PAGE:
Lately, a major trend in both public and residential swimming
pools has been the conversion from traditional chlorine-maintained
water to salt water. But why are so many people and organizations
making the change? Is there something wrong with a traditional,
There are some large differences between the two pools, but what
many people don't realize is the presence of chlorine is not one of
them. When you install a salt water pool, the saltwater is run
through an electric generator that creates chlorine naturally. The
level of chlorine is lower than a traditional chlorine-based pool,
but the pH level is higher.
Let's take a look at the main differences in price, health
benefits and concerns, and maintenance level between salt water and
chlorine based pools.
Salt Water Pools
Cost: The initial upfront cost of
changing your pool from a chlorine based pool to a salt water pool
is high, but over time the cost to maintain this type of pool is
usually less than chlorine based pools. The initial cost of set up
can vary greatly depending on the size of your pool but it usually
ranges anywhere from $2,000 to $5,000.
Health Benefits and Concerns: One of
the main benefits that people report after switching to salt water
based pool is the way the water feels "softer" on their skin
in comparison to chlorine based pools.
Maintenance: Salt water pools are the
clear winner when it comes to less maintenance. Although you do
have to perform weekly maintenance to fight against calcium build
up and check the PH levels, the maintenance is significantly less
than chlorine based pools because the generator runs
self-sufficiently. The problem with salt water pools is lack of
proper maintenance can cause excess salt to corrode metal objects
in and around the pool such as pool ladders, handrails, or even
nearby lounge chairs.
Cost: In general, the long term
maintenance costs of chlorine based pools are higher than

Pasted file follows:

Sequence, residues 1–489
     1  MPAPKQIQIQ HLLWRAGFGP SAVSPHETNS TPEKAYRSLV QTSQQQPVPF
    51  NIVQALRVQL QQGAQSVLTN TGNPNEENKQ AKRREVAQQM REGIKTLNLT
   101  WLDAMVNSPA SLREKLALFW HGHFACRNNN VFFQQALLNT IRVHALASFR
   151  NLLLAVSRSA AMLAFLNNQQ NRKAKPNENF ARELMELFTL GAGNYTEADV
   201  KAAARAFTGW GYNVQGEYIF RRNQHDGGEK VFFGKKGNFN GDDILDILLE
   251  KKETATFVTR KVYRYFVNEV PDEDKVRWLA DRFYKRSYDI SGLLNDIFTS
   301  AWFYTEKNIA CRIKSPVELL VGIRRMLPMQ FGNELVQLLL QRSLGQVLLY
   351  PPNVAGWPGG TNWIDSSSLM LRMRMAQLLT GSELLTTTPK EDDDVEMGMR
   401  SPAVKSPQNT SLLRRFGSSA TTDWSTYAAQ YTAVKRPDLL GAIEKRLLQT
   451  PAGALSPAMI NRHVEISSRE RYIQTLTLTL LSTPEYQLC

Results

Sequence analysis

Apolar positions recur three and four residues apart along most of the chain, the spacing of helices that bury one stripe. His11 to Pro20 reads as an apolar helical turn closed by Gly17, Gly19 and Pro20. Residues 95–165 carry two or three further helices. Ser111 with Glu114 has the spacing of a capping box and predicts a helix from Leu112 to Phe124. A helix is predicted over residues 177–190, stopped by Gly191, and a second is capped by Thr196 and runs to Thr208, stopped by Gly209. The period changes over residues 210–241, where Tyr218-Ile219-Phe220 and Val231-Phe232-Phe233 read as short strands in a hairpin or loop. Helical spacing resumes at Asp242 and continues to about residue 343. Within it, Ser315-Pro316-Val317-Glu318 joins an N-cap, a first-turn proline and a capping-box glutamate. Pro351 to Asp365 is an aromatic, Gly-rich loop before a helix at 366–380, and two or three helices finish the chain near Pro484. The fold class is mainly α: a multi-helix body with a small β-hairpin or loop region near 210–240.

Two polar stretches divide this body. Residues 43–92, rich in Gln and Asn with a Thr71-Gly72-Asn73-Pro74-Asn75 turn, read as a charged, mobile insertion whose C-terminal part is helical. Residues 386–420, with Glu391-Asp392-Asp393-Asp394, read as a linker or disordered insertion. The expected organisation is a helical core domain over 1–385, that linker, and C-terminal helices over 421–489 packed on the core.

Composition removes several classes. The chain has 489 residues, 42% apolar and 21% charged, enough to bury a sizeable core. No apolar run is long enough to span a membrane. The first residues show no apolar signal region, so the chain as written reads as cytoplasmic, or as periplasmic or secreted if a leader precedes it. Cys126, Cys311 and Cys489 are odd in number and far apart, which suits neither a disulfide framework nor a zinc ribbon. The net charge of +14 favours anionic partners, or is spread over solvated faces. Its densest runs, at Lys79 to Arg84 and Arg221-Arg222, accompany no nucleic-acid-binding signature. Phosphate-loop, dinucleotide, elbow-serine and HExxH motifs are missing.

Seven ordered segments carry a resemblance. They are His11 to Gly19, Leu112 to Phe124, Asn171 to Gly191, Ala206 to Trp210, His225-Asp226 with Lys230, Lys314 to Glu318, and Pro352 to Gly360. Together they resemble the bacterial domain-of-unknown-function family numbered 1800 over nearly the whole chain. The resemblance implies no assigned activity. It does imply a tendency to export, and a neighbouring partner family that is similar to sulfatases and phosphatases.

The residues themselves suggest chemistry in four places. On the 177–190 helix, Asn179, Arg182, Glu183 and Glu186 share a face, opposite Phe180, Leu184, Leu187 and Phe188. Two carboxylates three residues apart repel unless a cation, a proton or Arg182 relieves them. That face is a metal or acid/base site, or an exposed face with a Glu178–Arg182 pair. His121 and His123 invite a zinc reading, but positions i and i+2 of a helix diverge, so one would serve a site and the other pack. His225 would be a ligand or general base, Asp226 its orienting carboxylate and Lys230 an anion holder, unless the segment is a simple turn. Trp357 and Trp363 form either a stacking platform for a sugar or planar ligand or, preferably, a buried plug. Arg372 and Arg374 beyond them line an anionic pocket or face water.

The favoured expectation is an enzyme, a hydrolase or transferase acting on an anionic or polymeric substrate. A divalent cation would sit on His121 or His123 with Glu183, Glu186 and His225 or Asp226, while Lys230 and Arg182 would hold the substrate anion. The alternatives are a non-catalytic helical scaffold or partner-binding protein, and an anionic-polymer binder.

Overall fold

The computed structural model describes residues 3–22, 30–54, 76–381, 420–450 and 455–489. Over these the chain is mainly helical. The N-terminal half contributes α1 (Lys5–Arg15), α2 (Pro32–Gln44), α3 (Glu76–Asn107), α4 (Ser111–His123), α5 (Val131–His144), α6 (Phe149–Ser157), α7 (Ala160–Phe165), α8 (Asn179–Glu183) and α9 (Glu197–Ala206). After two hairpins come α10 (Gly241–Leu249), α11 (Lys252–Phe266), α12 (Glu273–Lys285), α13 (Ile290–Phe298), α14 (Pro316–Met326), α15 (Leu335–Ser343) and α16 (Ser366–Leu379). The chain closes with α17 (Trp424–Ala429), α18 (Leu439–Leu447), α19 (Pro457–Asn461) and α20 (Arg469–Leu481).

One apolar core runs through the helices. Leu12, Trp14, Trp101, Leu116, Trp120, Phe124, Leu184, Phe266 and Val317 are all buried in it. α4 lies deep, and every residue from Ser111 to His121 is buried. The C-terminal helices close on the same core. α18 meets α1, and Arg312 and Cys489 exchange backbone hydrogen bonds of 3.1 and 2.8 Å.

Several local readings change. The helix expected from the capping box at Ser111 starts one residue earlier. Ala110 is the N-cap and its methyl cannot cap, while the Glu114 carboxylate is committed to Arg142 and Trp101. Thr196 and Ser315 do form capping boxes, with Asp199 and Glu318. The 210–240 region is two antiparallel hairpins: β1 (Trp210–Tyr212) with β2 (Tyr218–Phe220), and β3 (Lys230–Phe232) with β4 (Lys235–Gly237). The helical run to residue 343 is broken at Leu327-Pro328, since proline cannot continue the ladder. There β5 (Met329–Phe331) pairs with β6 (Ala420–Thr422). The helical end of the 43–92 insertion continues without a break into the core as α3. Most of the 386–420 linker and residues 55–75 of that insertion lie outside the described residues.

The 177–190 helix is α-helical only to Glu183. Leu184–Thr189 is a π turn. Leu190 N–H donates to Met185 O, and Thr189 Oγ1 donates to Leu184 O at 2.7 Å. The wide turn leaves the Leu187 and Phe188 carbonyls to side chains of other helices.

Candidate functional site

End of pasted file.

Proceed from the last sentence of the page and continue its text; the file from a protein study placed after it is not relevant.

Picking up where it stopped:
maintaining a salt water pool.
Health Benefits and Concerns: Chlorine
is often irritating to people with sensitive eyes or skin. Though
there are experts that state chlorine should not be used in
swimming pools because it is a powerful chemical agent, when used
in appropriate levels, it is completely safe.
Maintenance: Due to its often
inconsistent chemical balance, chlorine pools require the owner to
be active and up to date with testing the pools chemical levels. In
addition to checking the chlorine levels, the pH level needs to
remain consistent. A high pH level will prevent the chlorine from
working efficiently and a low pH level will cause the water to
become acidic and make it difficult to swim. Though it is
challenging to maintain, it is important to keep a consistent pH
level to ensure a clean and safe swimming environment.
If you ultimately decide to make the switch from chlorine to
salt water, it is important to realize that your pool will not
maintain itself. While there is a significant reduction in
maintenance time with salt water pools, it still requires a
responsible owner to check and maintain the pool. Both pools have
their benefits and drawbacks and the type of pool that is right for
you will depend on your budget, needs, and pool use.